Ford Names James Hackett As New CEO
Ford Motor Co abruptly named James Hackett as chief executive on Monday, responding to investors' growing unease about the U.S. automaker's slumping stock price and its ability to counter threats from longtime rivals and Silicon Valley.
The logo of Ford is seen during the 87th International Motor Show at Palexpo in Geneva, Switzerland.(Image: REUTERS)
Ford Motor Co abruptly named James Hackett as chief executive on Monday, responding to investors' growing unease about the U.S.automaker's slumping stock price and its ability to counter threats from longtime rivals and Silicon Valley.
Hackett, 62, a turnaround expert who for the past year has led the Ford unit developing self-driving cars and related projects, replaces Mark Fields, 56, who spent less than three years as CEO.
Ford Chairman Bill Ford Jr. said he wanted Hackett to speed up decision-making and cut costs, but did not offer specifics on how the new CEO should change operations at the U.S. No. 2automaker.
"The clock speed at which our competitors are working …requires us to make decisions at a faster pace," Ford said.
Ford, once the most financially secure of the 'Big Three' Detroit automakers, and the only one not to take U.S. government money in the U.S. auto industry bailout a decade ago, reported record profit in 2015, but now finds itself under pressure on all sides as overall U.S. auto sales fall.
Rival General Motors Co is aggressively targeting Ford's share of the lucrative North American truck and sport utility business, the source of 90 percent of Ford's profit.
Meanwhile, investors see Ford as a laggard in the shift toward electric vehicles, self-driving technology and ride-sharing. Ford's $44 billion market value is less than electric car pioneer Tesla Inc's $51 billion.
Bill Ford indicated the company would take more aggressive action to cut costs. "We have to modernize the business" and move "decisively to address underperforming areas," he said.
Hackett, who overhauled furniture maker Steelcase Inc and then turned around the ailing University of Michigan football program, becomes the latest in a line of non-family CEOs brought in with a mandate to change the management culture at one of the auto industry's oldest institutions.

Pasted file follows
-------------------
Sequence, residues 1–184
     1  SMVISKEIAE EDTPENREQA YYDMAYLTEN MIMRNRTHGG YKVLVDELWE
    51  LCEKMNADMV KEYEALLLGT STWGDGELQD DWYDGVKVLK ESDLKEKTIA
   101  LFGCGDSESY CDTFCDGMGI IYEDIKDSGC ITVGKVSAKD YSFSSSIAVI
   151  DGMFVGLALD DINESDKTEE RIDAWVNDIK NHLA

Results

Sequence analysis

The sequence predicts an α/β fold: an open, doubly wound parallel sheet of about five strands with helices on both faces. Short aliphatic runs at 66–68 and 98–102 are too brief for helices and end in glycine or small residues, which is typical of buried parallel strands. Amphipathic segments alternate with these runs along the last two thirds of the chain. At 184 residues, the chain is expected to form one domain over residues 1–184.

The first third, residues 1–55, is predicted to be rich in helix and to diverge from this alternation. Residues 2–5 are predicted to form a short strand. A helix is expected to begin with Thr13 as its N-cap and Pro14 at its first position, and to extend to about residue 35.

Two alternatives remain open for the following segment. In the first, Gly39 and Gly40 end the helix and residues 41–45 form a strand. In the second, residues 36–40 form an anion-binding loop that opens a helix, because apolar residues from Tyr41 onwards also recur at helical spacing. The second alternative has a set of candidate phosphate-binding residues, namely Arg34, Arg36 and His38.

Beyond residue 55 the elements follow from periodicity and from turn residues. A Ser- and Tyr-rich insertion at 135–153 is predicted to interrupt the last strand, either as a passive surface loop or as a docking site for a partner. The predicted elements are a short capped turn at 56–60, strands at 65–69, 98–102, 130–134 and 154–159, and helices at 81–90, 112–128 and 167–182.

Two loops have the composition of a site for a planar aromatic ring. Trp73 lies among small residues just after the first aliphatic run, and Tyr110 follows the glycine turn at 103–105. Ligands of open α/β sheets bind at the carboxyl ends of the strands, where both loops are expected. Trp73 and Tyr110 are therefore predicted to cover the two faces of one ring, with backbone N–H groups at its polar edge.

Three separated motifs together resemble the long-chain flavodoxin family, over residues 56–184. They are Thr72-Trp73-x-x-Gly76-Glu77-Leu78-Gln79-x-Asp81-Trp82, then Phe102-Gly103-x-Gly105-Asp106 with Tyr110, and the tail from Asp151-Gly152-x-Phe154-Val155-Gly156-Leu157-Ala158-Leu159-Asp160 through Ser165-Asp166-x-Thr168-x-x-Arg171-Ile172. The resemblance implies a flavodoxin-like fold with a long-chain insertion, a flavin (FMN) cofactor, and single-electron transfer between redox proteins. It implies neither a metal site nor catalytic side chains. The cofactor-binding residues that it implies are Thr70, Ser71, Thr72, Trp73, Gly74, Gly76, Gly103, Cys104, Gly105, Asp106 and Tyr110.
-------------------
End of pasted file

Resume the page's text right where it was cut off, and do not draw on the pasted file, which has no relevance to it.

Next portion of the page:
As CEO of Steelcase, based in Grand Rapids, Michigan, Hackett slashed thousands of jobs and then refocused the company on innovation.
A former Ford director and interim athletic director at the University of Michigan, Hackett was tapped in March 2016 to run Ford Smart Mobility, a unit established to oversee and coordinate forays into autonomous driving, ride sharing and other ventures.
In that role, he helped oversee Ford's acquisition of San Francisco ride-sharing company Chariot and its $1 billion investment in Argo AI, a self-driving startup focussed on robotics and artificial intelligence.
The shake-up at Ford may bring scrutiny to its own plans in the region. The company posted a record $1.2 billion profit in Europe last year but warned that the impact of Britain's vote to leave the European Union would put a dent in 2017 earnings.
Under a broader shake-up announced on Monday, former Ford of Europe chief Jim Farley will become president of a new "Global Markets" group that will include Ford's regional sales and marketing operations around the world as well as its Lincoln luxury brand.
The company is also putting government relations and corporate communications under Ford Jr., and Hackett said the great-grandson of Henry Ford would have a higher public profile.
The automaker has tangled with U.S. President Donald Trump, who spent more than a year criticizing it on the campaign trail for expanding operations in Mexico.
But Trump praised Ford in January for scrapping a planned Mexican car factory and announcing plans to add 700 jobs in Michigan. Fields, who made several trips to the White House this year, said Ford would have made the decision regardless of who was president.
Fields, who earned $22.1 million in 2016 and had a 28-year-career at Ford, also faced a clamor for share repurchases at the company's annual meeting earlier this month.
Ford said last week it would cut 1,400 staff positions in North America and Asia, a small fraction of the 20,000 job reductions some news outlets had reported were imminent.
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